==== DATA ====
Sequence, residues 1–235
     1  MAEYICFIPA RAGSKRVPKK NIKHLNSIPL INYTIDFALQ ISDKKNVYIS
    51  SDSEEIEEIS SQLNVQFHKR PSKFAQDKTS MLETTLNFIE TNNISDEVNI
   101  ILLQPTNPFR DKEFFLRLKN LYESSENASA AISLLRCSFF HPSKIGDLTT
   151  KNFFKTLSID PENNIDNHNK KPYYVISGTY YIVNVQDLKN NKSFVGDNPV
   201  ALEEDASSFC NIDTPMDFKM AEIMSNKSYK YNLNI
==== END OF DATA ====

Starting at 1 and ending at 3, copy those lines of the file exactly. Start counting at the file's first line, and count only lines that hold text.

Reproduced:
Sequence, residues 1–235
     1  MAEYICFIPA RAGSKRVPKK NIKHLNSIPL INYTIDFALQ ISDKKNVYIS
    51  SDSEEIEEIS SQLNVQFHKR PSKFAQDKTS MLETTLNFIE TNNISDEVNI